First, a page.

I recently finished reading a romance that I enjoyed. The characters were likable, exercised common sense, and were respectful of each other all the way through. They were reunited lovers–one of my favorite storylines–and there were some fundamental personality changes that needed to take place in order to reach a resolution. I finished the story with a smile. However, it didn’t make my “keeper shelf” where the books I’m certain to re-read go. In a while, I’ll probably forget I read the story.
Why? That’s the question I asked myself when I closed the book. What was missing that made the story forgettable?
Looking back, I realized it was lack of conflict for the heroine. The couple broke up because of issues the hero had and those issues had to be resolved to achieve their happily ever after. But the heroine hadn’t had, nor been part of, the problem and while the hero had to make some big internal changes, she didn’t. She was the same woman he fell in love with and she didn’t have to alter in any way to make them work as a couple.
There was conflict elsewhere in the story–external and the hero’s internal–but it missed the ahhh sensation due to the heroine not having a personal conflict of her own to deal with.
As I was contemplating this further, I was reminded of the scene in M. Night Shyamalan’s The Happening where Betty Buckley (playing a nutjob, which was creepier for me because of her past roles as the mom on Eight is Enough and the sweet gym teacher in Carrie) asks Mark Wahlberg and Zooey Deschanel, “Who’s chasing whom?” explaining that in every romantic relationship one person is always chasing the other.
In the books I love most, not only are the protagonists chasing each other, they’re chasing their personal dreams, and they’re conflicted about how to make them happen and still get their (wo)man. My favorite books are those where the internal conflicts of each character morph and grow as the story progresses, where the changes they need to make take place before the end of the book and initiate the need for even more changes. This doesn’t mean the book has to be angsty and/or dark. Even romantic comedies can have characters dealing with layered, personal internal conflicts in addition to their romantic and external ones.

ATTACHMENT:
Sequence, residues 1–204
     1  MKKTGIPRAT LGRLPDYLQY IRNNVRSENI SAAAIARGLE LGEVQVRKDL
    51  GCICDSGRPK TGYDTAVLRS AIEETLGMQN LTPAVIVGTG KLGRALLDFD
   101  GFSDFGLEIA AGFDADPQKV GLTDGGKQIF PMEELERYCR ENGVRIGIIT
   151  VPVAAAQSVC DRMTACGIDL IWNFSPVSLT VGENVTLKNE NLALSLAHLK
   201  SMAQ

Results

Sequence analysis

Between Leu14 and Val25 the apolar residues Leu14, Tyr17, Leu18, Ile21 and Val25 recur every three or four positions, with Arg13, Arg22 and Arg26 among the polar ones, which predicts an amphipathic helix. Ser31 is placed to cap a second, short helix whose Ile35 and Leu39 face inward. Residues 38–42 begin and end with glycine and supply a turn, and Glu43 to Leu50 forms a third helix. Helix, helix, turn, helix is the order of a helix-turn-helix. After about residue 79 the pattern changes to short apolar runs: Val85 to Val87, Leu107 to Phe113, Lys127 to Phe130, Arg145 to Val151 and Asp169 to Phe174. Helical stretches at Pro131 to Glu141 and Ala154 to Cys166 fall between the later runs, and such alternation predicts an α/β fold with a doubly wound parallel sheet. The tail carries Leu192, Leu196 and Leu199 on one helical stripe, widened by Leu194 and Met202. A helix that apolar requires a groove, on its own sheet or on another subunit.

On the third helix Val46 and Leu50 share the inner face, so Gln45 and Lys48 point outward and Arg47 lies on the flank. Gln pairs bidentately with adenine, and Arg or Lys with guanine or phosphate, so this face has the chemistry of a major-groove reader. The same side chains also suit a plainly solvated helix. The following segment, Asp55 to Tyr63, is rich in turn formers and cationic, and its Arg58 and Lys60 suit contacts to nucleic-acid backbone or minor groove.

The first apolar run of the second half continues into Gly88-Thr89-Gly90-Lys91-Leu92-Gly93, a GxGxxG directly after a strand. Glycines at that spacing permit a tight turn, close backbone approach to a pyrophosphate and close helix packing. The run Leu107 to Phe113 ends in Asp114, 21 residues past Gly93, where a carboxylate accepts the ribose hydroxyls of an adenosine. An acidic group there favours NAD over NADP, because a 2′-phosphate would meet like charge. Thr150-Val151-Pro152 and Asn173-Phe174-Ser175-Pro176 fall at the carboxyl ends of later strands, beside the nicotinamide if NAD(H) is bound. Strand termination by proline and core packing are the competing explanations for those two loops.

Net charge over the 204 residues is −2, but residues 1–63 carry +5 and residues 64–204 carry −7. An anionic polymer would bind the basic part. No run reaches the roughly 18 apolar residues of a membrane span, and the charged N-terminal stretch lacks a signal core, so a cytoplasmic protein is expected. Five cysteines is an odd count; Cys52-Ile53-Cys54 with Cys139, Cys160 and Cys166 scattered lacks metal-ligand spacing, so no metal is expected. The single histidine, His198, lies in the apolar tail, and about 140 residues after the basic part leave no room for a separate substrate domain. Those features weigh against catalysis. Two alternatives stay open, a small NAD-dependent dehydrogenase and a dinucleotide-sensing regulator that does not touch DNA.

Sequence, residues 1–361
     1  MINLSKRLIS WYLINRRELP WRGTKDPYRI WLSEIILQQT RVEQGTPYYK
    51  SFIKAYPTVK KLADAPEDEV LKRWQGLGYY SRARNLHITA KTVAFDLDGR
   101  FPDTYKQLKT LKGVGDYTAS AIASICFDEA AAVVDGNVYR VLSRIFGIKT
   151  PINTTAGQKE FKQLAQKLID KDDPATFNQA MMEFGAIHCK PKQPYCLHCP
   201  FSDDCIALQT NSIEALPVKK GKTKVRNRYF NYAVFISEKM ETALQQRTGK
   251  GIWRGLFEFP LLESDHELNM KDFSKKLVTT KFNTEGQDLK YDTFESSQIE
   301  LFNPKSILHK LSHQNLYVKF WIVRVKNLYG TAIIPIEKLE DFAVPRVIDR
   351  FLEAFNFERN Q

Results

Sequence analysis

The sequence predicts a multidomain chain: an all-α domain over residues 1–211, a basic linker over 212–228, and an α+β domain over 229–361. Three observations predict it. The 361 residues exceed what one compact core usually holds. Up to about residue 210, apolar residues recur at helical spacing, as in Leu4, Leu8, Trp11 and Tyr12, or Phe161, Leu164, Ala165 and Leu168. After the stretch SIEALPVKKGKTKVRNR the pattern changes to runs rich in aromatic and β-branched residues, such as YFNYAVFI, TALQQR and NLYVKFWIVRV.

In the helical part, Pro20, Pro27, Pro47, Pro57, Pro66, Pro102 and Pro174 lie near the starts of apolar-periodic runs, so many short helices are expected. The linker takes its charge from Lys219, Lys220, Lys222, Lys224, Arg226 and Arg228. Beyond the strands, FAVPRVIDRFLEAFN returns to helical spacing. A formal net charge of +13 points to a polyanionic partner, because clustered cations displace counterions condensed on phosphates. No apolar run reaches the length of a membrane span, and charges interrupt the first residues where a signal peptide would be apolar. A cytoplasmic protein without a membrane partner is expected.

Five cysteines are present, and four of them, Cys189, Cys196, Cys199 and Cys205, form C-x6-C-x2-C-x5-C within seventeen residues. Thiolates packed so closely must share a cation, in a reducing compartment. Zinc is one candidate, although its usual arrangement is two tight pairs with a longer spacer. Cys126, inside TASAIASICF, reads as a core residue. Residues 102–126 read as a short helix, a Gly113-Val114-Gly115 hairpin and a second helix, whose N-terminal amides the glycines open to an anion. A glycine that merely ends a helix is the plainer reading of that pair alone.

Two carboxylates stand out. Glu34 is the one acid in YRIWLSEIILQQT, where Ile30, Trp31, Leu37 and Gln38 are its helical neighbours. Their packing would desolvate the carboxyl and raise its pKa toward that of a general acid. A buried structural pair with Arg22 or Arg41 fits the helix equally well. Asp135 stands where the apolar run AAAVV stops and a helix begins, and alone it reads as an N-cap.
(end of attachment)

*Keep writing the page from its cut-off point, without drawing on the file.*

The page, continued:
Stories can still be enjoyable with only one of the main protagonists dealing with a major (or multiple major conflicts). The non-conflicted character can still be admirable and real. They can have faults and foibles, goals and full lives. But without some friction, there’s not as much for me to root for and become invested in as a reader. I really, really dislike conflict in my daily life, but I really, really crave it in my reading material.
So how about you? Are you a conflict junky, too? What are some of your favorite conflicted heroes/heroines? Were their partners equally driven to change and grow? And just for fun, because it’s Monday and we all have a new week in which to rock our respective worlds, I’ll give away a tote bag and winner’s choice of my backlist (anthologies are iffy, but if I have it, I’ll send it.) to one of the commentors. Winner will be announced this weekend.